Are More Psychologists the Answer for Mental Health Concerns in Schools?

The mental health crisis among American students necessitates more school psychologists and a comprehensive, specially tailored support network within educational institutions.
"Tomorrow will bring good things. Stay alive to see it" on wall behind young student.

In a recent USA Today article, the discussion centered around the mental health crisis of students across America. Schools are often the place where these issues are discovered. The main discussion in the article centered around the need for more psychologists in schools and the very bleak predictions about how long it would take to match the overwhelming mental health needs to the number of psychologists required to meet those needs. It essentially would take decades to train and hire enough psychologists to help our students with the current level of emotional and mental health needs.

As I consider the logic of more psychologists as the remedy for mental health concerns in schools, I have several thoughts. I do believe we need more psychological professionals to offer both the staff and students adequate support. In fact, this has been a need for decades and there has been very little priority to hire the needed psychologists to help our community youth.

As a leader in providing therapeutic communities within our schools and programs, Lakeside gets a first-hand look at the diverse needs of students who are struggling to survive in their public school. What is glaringly apparent is that their needs are extremely diverse. Drug addiction, depression, suicide, academic failure, violence, abuse, family problems, bullying, life trauma and adversity, learning issues, medical issues, peer conflict, and the list goes on. 

It’s unrealistic to think any number of psychologists can manage the range of needs that are a part of the lives of our students in today’s schools. There needs to be a network of services and support for students within every school community. In order to be most effective, there should be a continuum of services that will meet students where they are and provide the appropriate help they need. To be realistic, there isn’t enough time or available funding to provide all that’s needed.

Schools have framed themselves as academic institutions. They’re a place for knowledge and learning. However, it’s also a place where children and teenagers spend the bulk of their day. It’s where they make friends, play sports, participate in all kinds of extracurricular activities, and find their identity. Their school is often where they have allegiance and is the focus of their social life. It’s also where they vent their emotions, behavior, and angst. In many ways, schools are their own culture, and often that culture is stress inducing and sometimes seen as adversarial to some students.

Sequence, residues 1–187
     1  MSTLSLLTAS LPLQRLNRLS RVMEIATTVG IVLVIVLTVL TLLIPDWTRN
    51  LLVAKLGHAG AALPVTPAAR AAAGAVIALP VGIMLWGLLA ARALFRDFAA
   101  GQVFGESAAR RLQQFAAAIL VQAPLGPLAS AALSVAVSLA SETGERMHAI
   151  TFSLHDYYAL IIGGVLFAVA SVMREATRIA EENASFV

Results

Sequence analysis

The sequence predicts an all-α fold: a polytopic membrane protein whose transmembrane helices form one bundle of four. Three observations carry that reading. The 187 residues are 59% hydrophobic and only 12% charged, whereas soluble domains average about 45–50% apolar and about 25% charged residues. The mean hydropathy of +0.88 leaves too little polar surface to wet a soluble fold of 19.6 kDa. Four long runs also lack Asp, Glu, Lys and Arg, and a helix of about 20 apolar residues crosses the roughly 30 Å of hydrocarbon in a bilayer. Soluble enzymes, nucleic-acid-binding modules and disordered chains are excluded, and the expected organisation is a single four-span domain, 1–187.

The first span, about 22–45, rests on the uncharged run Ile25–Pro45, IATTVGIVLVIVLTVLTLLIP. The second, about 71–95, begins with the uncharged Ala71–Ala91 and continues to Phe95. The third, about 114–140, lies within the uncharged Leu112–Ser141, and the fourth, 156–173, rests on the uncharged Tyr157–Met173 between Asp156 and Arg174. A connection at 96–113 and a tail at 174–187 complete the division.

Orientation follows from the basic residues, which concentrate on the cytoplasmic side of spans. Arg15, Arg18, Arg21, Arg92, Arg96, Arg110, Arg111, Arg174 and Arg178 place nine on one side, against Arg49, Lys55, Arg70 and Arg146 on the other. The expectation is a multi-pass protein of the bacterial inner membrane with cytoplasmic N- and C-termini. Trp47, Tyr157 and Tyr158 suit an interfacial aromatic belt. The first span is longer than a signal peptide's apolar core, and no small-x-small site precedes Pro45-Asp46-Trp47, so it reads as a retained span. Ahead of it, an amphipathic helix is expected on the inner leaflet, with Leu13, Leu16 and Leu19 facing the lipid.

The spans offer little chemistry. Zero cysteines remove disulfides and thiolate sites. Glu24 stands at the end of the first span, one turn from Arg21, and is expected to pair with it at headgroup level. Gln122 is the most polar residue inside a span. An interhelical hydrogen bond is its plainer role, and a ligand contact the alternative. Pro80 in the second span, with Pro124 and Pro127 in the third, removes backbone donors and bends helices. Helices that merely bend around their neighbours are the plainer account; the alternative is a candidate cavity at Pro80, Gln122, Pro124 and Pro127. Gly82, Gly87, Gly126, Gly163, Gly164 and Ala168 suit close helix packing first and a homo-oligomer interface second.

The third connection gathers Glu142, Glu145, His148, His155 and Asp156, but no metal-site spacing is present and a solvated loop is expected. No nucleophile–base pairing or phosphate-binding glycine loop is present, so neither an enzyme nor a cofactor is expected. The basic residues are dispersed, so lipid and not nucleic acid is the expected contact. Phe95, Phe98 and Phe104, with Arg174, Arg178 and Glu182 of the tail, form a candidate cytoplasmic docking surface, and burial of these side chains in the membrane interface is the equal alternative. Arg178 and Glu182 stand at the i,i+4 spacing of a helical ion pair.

If we’re going to make significant impact in schools for students who struggle with their mental health, we have to think of our schools differently. Schools needs to be more inclusive of mental health as a part of their culture. Teachers, administrators, students, and their families should be taught about mental health and related issues.

There also needs to be a variety of professionals who are qualified to meet the plethora of needs students are dealing with. Like it or not, schools are the hub of the community of youth and all that comes with it. We need to see a paradigm shift that is designed for students holistically, and that will take more than a few more psychologists. If we are going to address the multi-faceted needs of students, we need a contextual approach that acknowledges those needs and can provide a new school culture of support and relevant services. It’s why Lakeside provides training and support to our regional schools and beyond.

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